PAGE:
Next, we’ll show you how…
The Labrum Fix
As we mentioned earlier, the labrum doesn’t repair itself. So what kind of hocus pocus might we recommend?
The answer is a conservative plan of strengthening and some rest.
Which isn’t actually a cure, because the labrum remains torn, yet have no fear! You can still be healed.
First of all, labrum tears rarely happen in isolation. Due to instability caused by the torn labrum, or potentially the underlying issue that caused the labrum team to happen, things such as bicep tendinosis, rotator cuff impingement, and bursitis can pop up as well. These are pain generators that will usually go away if you stop poking it.
Secondly, strengthening the muscles can make up for the loss in stability, restoring function as before. To support this, a 2016 study showed that 72% of people over the age of 40 had a SLAP tear that was pain-free.
If you’re unconvinced, it’s been estimated that close to 80% of major league baseball players have some degree of labrum tearing. Showing that it’s possible to buffer a labrum issue well enough to sustain the forces required to play a pro sport.
There is a good chance you can too, with a simple prescription:
- Avoid things that are painful for at least 30 days. If you keep provoking your pain, it’s not going to get better.
- The “protocol” for a labrum tear would follow the same principles for approaching other shoulder issues. Work on restoring range of motion and improving the function of the scapula and rotator cuff muscles in all planes of motion.
Even if you don’t have a labrum tear, you’re still taking the steps in the right direction for fixing whatever shoulder ailment that pains you. Most important to the process is that the program needs to be consistent with daily compliance.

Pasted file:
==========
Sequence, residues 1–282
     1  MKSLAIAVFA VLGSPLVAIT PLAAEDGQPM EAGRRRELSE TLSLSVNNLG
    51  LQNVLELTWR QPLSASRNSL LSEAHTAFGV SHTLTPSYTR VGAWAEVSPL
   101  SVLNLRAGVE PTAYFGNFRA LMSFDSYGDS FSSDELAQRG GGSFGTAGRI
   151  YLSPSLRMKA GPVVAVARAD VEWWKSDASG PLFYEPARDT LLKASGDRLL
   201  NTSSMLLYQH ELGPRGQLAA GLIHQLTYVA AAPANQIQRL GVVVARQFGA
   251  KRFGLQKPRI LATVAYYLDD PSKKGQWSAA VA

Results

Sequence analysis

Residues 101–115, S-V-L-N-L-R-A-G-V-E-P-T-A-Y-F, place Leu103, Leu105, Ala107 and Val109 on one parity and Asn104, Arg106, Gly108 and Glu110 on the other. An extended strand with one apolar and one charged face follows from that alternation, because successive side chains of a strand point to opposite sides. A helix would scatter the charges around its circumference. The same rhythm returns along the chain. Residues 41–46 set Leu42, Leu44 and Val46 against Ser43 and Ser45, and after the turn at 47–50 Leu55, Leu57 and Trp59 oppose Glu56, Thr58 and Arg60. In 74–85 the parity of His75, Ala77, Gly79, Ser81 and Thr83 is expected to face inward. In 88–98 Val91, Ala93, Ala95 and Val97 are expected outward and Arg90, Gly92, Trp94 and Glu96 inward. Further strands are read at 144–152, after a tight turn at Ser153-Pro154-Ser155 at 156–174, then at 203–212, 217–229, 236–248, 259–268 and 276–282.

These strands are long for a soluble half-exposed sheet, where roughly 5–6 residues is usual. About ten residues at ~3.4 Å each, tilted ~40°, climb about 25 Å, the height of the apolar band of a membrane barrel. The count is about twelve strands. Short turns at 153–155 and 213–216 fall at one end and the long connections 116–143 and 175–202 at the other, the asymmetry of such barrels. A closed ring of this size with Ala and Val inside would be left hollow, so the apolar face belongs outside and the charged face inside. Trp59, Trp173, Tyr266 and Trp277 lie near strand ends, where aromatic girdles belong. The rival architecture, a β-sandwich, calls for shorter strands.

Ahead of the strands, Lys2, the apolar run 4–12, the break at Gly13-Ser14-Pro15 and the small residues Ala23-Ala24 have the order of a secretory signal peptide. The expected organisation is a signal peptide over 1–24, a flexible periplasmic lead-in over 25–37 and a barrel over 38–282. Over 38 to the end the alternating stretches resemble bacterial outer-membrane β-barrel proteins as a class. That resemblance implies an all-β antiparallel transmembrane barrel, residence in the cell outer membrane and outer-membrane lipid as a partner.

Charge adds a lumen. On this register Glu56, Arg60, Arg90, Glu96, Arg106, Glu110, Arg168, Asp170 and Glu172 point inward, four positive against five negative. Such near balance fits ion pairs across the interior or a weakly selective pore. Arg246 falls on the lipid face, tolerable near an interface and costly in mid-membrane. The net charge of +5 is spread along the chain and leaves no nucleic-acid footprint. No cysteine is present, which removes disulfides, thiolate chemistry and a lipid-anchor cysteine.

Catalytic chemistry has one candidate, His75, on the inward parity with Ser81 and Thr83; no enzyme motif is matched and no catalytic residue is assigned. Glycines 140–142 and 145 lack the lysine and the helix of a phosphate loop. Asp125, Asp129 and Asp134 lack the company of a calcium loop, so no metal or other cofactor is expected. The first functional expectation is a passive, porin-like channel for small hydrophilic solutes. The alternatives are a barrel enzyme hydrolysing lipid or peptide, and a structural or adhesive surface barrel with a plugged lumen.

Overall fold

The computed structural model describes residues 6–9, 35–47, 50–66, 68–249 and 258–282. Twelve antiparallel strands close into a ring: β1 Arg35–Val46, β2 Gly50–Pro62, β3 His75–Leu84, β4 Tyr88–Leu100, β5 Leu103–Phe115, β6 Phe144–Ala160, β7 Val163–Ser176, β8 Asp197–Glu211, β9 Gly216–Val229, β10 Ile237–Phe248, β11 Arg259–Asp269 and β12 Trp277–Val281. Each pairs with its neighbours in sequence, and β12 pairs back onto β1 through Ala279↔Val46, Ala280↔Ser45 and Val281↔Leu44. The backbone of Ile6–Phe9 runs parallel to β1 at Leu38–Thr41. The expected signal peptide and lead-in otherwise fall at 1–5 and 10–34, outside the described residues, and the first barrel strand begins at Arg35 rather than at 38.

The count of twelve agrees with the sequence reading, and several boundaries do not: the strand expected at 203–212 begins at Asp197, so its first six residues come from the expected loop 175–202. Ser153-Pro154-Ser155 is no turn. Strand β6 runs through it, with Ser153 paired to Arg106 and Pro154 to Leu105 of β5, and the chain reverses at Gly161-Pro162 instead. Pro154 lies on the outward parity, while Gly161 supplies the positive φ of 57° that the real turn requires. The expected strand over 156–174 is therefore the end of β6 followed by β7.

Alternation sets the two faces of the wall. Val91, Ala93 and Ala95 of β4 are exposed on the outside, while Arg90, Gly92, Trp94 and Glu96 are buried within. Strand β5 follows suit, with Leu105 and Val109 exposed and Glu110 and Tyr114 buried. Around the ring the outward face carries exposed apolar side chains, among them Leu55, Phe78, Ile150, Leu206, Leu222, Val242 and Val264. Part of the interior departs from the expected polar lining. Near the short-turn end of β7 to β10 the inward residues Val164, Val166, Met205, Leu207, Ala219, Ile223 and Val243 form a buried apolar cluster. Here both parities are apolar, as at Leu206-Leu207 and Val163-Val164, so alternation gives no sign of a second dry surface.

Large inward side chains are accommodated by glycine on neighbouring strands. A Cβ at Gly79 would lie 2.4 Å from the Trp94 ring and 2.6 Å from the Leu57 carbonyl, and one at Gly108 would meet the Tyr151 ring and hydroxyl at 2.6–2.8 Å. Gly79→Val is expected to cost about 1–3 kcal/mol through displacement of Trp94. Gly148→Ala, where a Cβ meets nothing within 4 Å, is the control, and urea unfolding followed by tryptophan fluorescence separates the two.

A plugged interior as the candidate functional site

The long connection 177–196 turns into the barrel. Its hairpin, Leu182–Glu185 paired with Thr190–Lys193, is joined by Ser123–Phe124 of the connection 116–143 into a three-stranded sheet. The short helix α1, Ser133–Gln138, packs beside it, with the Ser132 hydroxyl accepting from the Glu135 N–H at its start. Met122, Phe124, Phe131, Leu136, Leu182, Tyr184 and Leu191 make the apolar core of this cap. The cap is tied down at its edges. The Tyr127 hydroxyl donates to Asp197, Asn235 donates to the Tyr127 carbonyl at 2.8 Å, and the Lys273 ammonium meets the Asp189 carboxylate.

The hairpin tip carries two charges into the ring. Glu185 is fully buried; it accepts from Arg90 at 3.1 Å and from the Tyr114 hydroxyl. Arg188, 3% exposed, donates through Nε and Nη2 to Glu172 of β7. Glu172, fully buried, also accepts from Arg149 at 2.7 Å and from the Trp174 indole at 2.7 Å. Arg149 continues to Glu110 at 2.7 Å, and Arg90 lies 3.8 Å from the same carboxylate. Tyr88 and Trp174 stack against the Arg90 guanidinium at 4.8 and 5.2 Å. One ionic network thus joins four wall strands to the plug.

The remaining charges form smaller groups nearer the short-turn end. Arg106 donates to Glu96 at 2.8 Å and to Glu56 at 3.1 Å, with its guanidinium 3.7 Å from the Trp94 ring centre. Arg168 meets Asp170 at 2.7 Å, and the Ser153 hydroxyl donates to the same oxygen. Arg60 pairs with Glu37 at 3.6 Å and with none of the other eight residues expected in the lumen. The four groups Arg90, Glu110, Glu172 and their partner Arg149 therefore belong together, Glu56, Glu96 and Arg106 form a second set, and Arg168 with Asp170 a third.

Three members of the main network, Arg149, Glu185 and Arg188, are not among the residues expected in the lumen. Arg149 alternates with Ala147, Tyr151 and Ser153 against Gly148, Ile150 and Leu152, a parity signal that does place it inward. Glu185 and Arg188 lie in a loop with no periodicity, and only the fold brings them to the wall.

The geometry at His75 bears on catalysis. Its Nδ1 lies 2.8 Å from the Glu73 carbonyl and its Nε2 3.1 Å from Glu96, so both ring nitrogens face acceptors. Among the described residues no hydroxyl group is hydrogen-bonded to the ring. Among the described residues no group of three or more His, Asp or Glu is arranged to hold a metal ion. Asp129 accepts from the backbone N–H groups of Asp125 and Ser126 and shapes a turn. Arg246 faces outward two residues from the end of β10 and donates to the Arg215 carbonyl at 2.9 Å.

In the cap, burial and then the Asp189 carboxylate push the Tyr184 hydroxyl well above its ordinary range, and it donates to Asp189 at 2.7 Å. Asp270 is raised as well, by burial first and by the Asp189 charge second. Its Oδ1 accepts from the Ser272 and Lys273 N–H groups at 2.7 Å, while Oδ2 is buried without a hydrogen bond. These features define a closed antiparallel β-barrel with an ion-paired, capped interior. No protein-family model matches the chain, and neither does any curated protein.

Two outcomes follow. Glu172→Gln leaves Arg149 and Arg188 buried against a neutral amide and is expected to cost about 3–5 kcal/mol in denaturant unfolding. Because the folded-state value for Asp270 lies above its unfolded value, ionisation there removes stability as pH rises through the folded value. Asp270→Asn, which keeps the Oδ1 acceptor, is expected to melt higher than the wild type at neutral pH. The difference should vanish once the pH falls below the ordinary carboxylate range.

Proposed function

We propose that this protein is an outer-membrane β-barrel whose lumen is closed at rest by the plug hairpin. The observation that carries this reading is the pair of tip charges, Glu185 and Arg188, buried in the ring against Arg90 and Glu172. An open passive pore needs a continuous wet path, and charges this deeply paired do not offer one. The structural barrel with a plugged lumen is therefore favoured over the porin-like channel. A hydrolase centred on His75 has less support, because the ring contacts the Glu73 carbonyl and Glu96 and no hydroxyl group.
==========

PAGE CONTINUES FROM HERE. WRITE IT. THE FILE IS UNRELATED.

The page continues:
I would say this is the biggest reason the Crossover Symmetry program is so effective. It’s done much more regularly compared to other home rehab programs that are often prescribed.
Give it 30 days and if the pain is still limiting your progress, high dose NSAIDs or corticosteroid injections are an appropriate option.
Injections are the time to sit around and assume everything is fixed. Instead, it’s important to use the relief to address strength deficits.
As an athlete progresses past the basic rehab template, more advanced movements may be necessary to take on the specific stressors that will show up as part of their sport. In the end, nearly 70% of athletes have good outcomes with pain relief and return to sport through conservative management (ref).
If after 4 to 6 months, there has been no improvement despite a consistent effort with a conservative approach, it’s time to consider more advanced medical procedures.
Imaging may be ordered, but an MRI is not great at picking up all SLAP tears, so an MRA may be ordered for a more accurate assessment.
The final approach is arthroscopic surgery, which follows up with a 6 to 9-month recovery. The bicep tendon is often relocated from the superior labrum to lower on the arm during the procedure as well. This is a procedure called a bicep tenodesis and tends to have less pain and reduced risk of the repair failing.
Whether you are a weekend warrior, throwing a baseball in the Majors or working to get to the CrossFit Games, a torn labrum is not a career-ending injury. It may disrupt training and competition for a few months, but the majority of labral tears can be addressed successfully with non-operative care.
Take this as a reminder to continue your active participation in shoulder health through a myriad of shoulder daily primers, accessory work and sport-specific training.